U.S. Senators Lamar Alexander and Patty Murray earn NEA’s highest honor

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In the midst of one of the most politically gridlocked eras in Washington, two U.S. senators from opposite sides of the political aisle set aside their differences to successfully champion the passage of a federal education law that touches millions of students, educators, and tens of thousands of public schools.

The passage the Every Student Succeeds Act marked the end of the maligned No Child Left Behind and the beginning of a new era in public education. For their leadership and significant contributions to public education, the National Education Association has bestowed its highest honor – the Friend of Education Award – upon Tennessee Senator Lamar Alexander, a Republican, and Washington Senator Patty Murray, a Democrat. It happened last week before more than 7,000 educators gathered at the NEA 95th Representative Assembly (RA) in Washington.

“The hard work and bipartisan cooperation of Senators Lamar Alexander and Patty Murray to pass ESSA will ensure that all students – regardless of ZIP code – will have equal opportunity to a high-quality public education for years to come,” said NEA President Lily Eskelsen García.

They were instrumental not only in the passing of the critical K-12 federal education law, but they listened, they set the tone of bipartisan cooperation, and they got the job done on behalf of the nation’s students and educators. Their bold leadership ushered in a new chapter in public education, one in which educators have a seat at the table to make decisions that affect their students and classrooms. We are honored and grateful to call them an NEA Friend of Education.

“I am here to honor the classroom teachers who helped to fix No Child Left Behind,” said Senator Lamar Alexander, a chair of the Senate Health, Education, Labor and Pensions (HELP) Committee. “We’ve reversed the trend toward a national school board and restored responsibility for children in 100,000 public schools to states, communities and teachers. Our job last year was to pass a law. Our job this year is to make sure that the U.S. Secretary of Education implements the law the way Congress wrote it. So tell the Secretary: ‘no more national school board, no more ‘Mother, May I?’ waivers, and no more Washington mandates telling us exactly how to evaluate teachers and whether schools are succeeding or failing. The path to better schools is through decisions by those closest to our children, not through a distant department in Washington, D.C.”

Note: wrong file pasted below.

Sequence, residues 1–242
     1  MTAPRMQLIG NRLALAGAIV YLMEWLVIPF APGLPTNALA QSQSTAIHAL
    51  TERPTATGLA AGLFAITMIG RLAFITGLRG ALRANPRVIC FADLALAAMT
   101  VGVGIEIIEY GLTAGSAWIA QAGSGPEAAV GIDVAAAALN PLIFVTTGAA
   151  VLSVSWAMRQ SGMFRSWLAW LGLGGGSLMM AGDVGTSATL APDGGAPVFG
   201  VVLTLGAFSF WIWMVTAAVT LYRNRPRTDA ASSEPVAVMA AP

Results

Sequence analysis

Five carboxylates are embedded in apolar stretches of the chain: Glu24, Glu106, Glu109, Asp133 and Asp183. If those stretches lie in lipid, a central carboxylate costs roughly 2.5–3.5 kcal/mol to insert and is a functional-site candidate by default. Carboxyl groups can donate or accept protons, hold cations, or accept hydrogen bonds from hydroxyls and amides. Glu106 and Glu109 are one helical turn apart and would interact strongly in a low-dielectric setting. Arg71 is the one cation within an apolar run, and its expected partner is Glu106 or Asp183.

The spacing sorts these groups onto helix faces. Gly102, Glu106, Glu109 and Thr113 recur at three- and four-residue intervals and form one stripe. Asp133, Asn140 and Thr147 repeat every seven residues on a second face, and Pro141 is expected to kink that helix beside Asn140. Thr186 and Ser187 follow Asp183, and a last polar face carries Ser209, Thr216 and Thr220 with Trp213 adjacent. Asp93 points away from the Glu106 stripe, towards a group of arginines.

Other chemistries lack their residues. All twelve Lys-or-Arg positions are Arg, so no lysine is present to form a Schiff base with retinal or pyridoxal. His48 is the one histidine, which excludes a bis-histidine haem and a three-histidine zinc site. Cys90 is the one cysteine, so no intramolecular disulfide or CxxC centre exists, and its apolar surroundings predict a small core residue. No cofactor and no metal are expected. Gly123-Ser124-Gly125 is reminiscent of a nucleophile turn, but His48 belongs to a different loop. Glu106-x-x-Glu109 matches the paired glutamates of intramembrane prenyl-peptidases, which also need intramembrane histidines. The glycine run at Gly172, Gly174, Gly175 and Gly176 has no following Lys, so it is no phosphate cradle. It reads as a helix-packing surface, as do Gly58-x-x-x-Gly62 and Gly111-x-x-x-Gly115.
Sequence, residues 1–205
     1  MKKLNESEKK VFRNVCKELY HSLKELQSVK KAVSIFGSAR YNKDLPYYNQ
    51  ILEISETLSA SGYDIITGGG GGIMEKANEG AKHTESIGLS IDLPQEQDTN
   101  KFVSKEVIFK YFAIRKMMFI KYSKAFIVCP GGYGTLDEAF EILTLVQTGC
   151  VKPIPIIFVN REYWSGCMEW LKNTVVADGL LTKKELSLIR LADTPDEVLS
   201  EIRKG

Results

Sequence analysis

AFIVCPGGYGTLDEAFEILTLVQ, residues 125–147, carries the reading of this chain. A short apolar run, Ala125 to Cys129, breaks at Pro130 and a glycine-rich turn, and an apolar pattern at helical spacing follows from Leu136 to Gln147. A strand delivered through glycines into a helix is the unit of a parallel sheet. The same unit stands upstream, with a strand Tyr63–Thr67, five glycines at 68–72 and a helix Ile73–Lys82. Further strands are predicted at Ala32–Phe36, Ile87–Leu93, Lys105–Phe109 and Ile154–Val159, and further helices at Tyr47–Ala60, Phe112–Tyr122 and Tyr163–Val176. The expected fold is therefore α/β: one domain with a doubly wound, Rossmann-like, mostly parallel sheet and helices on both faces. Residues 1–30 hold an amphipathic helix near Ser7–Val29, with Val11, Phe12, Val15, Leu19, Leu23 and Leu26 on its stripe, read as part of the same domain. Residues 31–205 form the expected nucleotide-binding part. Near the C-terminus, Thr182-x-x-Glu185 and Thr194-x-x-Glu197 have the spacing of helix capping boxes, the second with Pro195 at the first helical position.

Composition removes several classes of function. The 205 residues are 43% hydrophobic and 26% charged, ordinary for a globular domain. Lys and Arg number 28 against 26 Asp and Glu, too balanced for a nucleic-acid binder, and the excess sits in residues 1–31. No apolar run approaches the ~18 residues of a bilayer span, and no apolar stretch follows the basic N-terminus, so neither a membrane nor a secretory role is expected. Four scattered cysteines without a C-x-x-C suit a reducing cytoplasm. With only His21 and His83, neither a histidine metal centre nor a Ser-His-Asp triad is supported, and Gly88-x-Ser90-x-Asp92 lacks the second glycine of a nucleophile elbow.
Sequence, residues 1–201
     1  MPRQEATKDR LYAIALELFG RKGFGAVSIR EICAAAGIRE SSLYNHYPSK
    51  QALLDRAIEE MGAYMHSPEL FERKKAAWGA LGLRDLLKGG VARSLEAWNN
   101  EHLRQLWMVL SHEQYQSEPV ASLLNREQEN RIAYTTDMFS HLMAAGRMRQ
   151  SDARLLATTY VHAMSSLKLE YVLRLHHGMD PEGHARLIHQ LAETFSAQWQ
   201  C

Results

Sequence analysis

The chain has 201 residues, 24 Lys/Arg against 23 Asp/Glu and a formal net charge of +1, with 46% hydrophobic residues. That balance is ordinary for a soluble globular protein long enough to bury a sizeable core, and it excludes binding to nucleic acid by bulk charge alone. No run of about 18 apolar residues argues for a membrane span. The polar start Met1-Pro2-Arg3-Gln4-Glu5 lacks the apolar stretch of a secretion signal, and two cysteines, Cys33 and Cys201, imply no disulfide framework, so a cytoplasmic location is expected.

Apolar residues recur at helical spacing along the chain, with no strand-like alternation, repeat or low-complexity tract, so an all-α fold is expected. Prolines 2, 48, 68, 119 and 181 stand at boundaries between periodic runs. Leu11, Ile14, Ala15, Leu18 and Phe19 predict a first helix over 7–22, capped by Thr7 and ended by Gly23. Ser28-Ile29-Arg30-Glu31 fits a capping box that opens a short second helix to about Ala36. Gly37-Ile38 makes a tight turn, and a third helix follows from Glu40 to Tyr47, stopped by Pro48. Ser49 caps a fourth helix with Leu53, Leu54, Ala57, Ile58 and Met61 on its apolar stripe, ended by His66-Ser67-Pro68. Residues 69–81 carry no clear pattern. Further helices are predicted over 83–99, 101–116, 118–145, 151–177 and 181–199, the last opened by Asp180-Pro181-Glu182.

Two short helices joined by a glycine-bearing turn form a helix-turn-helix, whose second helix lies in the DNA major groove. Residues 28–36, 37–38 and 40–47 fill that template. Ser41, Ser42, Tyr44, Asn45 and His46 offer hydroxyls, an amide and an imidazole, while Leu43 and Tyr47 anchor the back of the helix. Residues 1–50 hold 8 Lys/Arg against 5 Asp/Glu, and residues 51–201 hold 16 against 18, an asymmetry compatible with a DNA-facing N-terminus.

“It’s an honor to receive the Friend of Education Award and to recognize all the incredible teachers and paraeducators that make up the National Education Association,” said U.S. Senator Patty Murray, the HELP Committee’s ranking Democrat. “As leaders in our classrooms, schools, and communities—you make up the heart and soul of education in America. That’s why I worked so hard to make sure your voices were heard as ESSA was written and it’s why I am fighting to keep you in the room as the law is implemented. I look forward to continuing to work together so that every child in our nation has the opportunity to succeed—regardless of where they live, how they learn, or how much money their parents make.”

The Friend of Education Award, presented each year during NEA’s Annual Meeting and Representative Assembly, which ended Thursday evening, recognizes a person or organization whose leadership, acts or support significantly have contributed to the improvement of American public education. Previous award recipients include PBS, Nobel-prize winning Malala Yousafzai; economist Paul Krugman; education policy writer and researcher Dr. Linda Darling-Hammond; U.S. Presidents Lyndon B. Johnson, James Earl “Jimmy” Carter, Jr., and William Jefferson Clinton; U.S. Supreme Court Justice Thurgood Marshall; U.S. Secretary of Education Richard W. Riley; U.S. Speaker of the House Nancy Pelosi (D-California), Sen. Patty Murray, and U.S. Sen. Edward “Ted” Kennedy (D-Massachusetts).

Reader Comments

  1. Lamar Alexander and Patty Murray represent the Senate at its best. They set a very constructive tone, listened to people on all sides, and led the Senate in crafting a bill that respected the needs of a variety of stakeholders.

    They are model legislators.

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